But does Jesus really condone violence? I’d say not. His words and actions demonstrate this.
This one of the conundrums we face.
How do you reconcile non-violence with self-defence and keeping yourself safe, and defeating evil? It’s one of the many paradoxes at the heart of our faith.
Well, I’m not here to give you all the answers. I don’t have them. I’m not God.
I’m just posing the question. Because it’s an important question, one we need to think about.
This is question that has been debated much already, and will be debated for a long time to come. One of those to which we’ll never have a satisfactory answer I would venture. So I’m just going to leave it, and go on to another, more simple yet just as challenging question.
On the question of whether we should we celebrate Osama Bin Laden’s death, the answer is much more simple.
Not in the gloating, self-righteous way many have anyhow. I don’t believe that’s just, or gracious, or what Jesus would do in any way. I respect President Obama for the reserved and dignified way he communicated the news – the rest of us should be similarly reserved.
So how to conclude this dicussion? Well, did you read the quote at the top? A great quote by Martin Luther King, whose work ironically paved the way for Barack Obama to become President, about our attitude to forgiveness and towards our enemies – and this from a man who himself was eventually assaninated, as well as a quote from Jesus Himself, both making similar points.
Jesus is always very clear on forgiveness, and on the value of each and every human life – including Osama Bin Laden.
Jesus forgave the people who killed Him, as they killed Him.
Would you be able to do that?
I know I’d struggle.
Jesus tells us to forgive our enemies and pray for those who persecute us. Osama Bin Laden is certainly an ememy to many of us, especially those who have suffered directly or indirectly at his hands and the hands of his followers.
But Jesus died for Him too.
Yes He did.
Also true is the fact that God loves Him as much as He loves all of us.
Yes He does.
As hard as that is to understand, that is the extent of God’s love for us. The Bible tells us that God loves us all unconditionally, and wants all to be saved.
However, the Bible also tells us that God is the righteous judge, and He will judge each of us on what we’ve done, and we will have to give an account to Him for what we’ve done with our lives. Osama Bin Laden will have to do that too, and God will deliver the only ultimately true justice there is – and it will be His justice, not our justice.
In one sense that’s very reassuring. God will deal with Bin Laden, and His way is the best way. It always is.
You see, there’s a big difference between our opinion of what God’s justice is or should be, and the actual reality of God’s justice. We often say the phrase ‘well we’ve all got to answer to God for what we’ve done’ or ‘He/she will have to face up to God for what they’ve done’, about people whose lifestyle we disagree with. I know I’ve done it.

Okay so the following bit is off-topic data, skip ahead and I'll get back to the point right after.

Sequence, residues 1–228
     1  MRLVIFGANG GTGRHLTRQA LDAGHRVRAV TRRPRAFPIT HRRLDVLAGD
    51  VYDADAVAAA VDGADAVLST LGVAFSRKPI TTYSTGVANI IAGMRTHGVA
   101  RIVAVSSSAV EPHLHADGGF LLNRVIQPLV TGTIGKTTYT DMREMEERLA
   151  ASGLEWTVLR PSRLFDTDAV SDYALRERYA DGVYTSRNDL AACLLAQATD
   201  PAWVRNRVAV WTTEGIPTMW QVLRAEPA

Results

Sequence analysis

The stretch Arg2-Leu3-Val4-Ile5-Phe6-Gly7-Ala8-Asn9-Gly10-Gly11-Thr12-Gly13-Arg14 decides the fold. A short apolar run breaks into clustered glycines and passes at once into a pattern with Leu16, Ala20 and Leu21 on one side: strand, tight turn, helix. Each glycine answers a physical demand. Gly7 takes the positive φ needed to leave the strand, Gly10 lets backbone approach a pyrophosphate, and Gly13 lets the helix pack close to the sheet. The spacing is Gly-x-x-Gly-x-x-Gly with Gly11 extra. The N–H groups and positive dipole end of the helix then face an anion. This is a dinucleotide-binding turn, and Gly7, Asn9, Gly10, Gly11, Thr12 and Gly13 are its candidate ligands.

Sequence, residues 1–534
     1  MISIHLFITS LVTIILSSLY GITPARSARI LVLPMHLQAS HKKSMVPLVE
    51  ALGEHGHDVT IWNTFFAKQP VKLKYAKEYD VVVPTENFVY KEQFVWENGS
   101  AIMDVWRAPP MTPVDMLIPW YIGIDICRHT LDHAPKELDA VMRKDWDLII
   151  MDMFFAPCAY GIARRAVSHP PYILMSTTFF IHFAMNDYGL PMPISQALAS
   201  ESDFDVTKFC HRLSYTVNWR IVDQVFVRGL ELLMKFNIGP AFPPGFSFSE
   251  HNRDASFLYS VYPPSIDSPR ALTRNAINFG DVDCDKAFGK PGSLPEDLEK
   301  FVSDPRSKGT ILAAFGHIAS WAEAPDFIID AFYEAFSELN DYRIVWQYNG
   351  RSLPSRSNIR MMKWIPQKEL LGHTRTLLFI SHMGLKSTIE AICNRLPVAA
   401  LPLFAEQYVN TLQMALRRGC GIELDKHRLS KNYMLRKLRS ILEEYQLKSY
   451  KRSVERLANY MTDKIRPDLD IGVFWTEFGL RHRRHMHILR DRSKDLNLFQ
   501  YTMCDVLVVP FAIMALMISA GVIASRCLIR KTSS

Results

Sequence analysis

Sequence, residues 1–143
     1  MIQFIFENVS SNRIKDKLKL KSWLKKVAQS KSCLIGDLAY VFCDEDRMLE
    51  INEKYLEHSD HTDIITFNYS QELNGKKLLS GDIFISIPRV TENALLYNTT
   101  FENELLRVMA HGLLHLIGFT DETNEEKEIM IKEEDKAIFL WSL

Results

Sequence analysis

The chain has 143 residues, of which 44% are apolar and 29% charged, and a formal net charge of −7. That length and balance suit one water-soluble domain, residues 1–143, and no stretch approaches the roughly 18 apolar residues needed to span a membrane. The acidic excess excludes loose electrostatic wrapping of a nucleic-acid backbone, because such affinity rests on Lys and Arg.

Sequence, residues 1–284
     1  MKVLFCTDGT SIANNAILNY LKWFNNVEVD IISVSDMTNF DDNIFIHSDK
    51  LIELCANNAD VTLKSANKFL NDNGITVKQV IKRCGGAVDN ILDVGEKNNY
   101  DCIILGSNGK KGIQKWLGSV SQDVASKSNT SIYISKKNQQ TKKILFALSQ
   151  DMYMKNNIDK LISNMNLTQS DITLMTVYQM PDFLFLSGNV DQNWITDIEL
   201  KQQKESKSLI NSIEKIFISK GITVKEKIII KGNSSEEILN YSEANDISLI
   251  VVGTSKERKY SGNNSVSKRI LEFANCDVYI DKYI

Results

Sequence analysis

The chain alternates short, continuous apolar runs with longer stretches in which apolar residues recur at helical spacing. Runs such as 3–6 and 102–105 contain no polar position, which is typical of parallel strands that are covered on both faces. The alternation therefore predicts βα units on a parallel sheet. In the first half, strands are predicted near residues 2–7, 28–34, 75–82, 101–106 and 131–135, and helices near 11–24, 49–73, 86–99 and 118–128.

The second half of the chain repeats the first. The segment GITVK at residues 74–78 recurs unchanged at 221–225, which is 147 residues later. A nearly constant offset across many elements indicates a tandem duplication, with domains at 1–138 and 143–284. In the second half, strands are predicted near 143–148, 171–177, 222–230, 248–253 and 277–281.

The problem is that we think we’re doing this because we don’t want to judge, but often we are doing it because we think we’re better than that person and think God will think the same and judge them, and we have our own idea of what God’s judgement will look like, and that makes us feel better about ourselves.
So really what we want is not God’s justice for that person. Not in our hearts anyhow.
We want God to deliver our justice.
The reason I know this is that I’ve done it before, and no one ever knows I feel these things or that’s what I’m really thinking – sometimes I don’t even know it. I may have the best of intentions saying that God will deal with that person, and not think I’m judging them, but I am.
In that moment, in my heart, I am judging them and thinking God’s justice is my justice, when actually it’s not.
I’m certain that I can’t be the only person who does this. I think a lot of us do it, and I think when you are part of an organised religion its even easier to do it.
But we must totally surrender Bin Laden, Hitler and everyone to God’s judgement, and trust that even if His judgement isn’t what we would want, that it will, ultimately, be just and true.
Maybe what we really need to do, instead of debating an endless question of the wrongs and rights of Osama Bin Laden’s death, and instead of gloating and cheering, and treating him as almost inhuman, arguably lowering ourselves to his level is instead, over time, try to learn to forgive him for the horrible things he did – as seemingly impossible, and indeed, undeserved that might seem to be. (Believe me, its something I will struggle to do fully)
That is maybe something that will take longer.
One thing we can do right now is should try and see the good that God can bring out of this event. The Bible does promise He will do that, and I know in my own experience how He can bring great good out of the most difficult situations.
Ultimately, we must trust Osama Bin Laden to God and let Him deal with him, because we know that He will always be perfectly and completely just, and accept that God’s justice is better than our justice.
That sounds to me much more like a Jesus response.